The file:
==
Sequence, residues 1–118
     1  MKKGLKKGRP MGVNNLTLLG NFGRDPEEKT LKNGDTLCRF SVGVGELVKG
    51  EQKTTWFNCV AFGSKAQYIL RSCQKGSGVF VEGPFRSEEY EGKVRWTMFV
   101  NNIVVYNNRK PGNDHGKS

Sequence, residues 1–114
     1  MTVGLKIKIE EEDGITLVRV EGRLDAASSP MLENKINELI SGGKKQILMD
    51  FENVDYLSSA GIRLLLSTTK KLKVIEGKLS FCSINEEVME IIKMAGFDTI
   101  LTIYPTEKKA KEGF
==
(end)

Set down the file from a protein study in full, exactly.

Sequence, residues 1–118
     1  MKKGLKKGRP MGVNNLTLLG NFGRDPEEKT LKNGDTLCRF SVGVGELVKG
    51  EQKTTWFNCV AFGSKAQYIL RSCQKGSGVF VEGPFRSEEY EGKVRWTMFV
   101  NNIVVYNNRK PGNDHGKS

Sequence, residues 1–114
     1  MTVGLKIKIE EEDGITLVRV EGRLDAASSP MLENKINELI SGGKKQILMD
    51  FENVDYLSSA GIRLLLSTTK KLKVIEGKLS FCSINEEVME IIKMAGFDTI
   101  LTIYPTEKKA KEGF